“Then it was my turn after what they had already done to Ganeshman (Singh) just previously. They likewise bound me all around and bundled up my body in such a way that I was like an immoveable ball on the floor. My head was let free and my bare back was exposed for maximum beating with the “korra”
[whip and multi-pronged thong]. But when the official lasher was ready to rain his blows on my back, one of the officers walked over to Bahadur and Nara and whispered something into their ears.”
This is part of what Ram Hari Sharma—the “Living Martyr” of Nepal who passed away the other day at the ripe old age of 96—said to the interviewer while recording the dialogue at Radio Sagarmatha some years ago. I merely paraphrase what Sharma said while answering one of the questions. For full citation and other verifications, the FM station’s archives should be accessible to those interested in the topic. Perhaps the interview will be rebroadcast by Radio Sagarmatha in one of its memorial programs or in the “Uhile Bajeka Palama” slots.
Bahadur was Bahadur Shumsher Jung Bahadur Rana, and Nara Shumsher was his son. Bahadur was the oldest son of the absolute Rana Premier Juddha Shumsher Jung Bahadur Rana, the builder and occupant of the Singha Durbar. Since the Rana covenant was on brother-to-brother succession as Shree Tiin Maharaj to the Belaiti Baithk, the previous ruling and reigning rulers’ sons and their progeny had no chance to the autocratic Premiership, except by coups, fratricide, regicide and such bloodthirsty blitzkriegs. Each Rana prime minister ruled the Kingdom of Nepal in the name of the then hostage Shah King, and all the trump cards were dealt by the officiating Premier.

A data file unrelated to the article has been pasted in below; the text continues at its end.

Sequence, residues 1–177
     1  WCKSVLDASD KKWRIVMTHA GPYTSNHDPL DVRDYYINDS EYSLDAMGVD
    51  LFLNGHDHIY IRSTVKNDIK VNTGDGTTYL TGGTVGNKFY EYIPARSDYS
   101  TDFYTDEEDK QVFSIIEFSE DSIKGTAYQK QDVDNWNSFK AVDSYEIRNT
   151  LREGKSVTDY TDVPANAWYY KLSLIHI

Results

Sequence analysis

In Ram Hari Sharma’s case, dubbed treasonous and anti-national, it was the father-son duo of Bahadur and Nara who acted as the Rana regime’s police, judge, jury and hangmen. Sharma was one of the arrested citizens along with Tanka Prasad Acharya, Ganeshman Singh, Dharma Bhakta Mathema, Dashrath Chand, Thir Bam Malla, Shukra Raj Shastri and others on the grave charges of their agitations for unheard-of democracy in Nepal, actually meaning that their movement was against the one-century-old Ranarchy.
Bahadur and Nara took care of most of the culprits. Nara had Mathema, Shastri, Malla and Chand and other “martyrs” shot and hanged at Pachali, Bijeshwori and Siphal of Kathmandu. By the way, it must have been painful for the Ranas to sentence and condemn to death such fellow Hindu Thakuri and Chhetri ruling aristocrats as Malla and Chand but there was no hesitation in dispatching such Newars as Mathema and Shastri (the latter a Newar Joshi of Patan).
They failed to see, however, that it was an all-Nepal awakening for democracy for one and all, in place of the entrenched Ranas’ and their feudal fellows’ unilateral rule and anarchy, and many castes and classes of Nepalis threw themselves into the movement for political freedom and social justice and economic reforms, all long delayed.
There was one exception, though, and it had to do with the Bahuns accused of treasonous thoughts and actions against the ruling Ranas. This is where we come to the sentencing and punishment meted out, or not carried out, to Ram Hari Shama.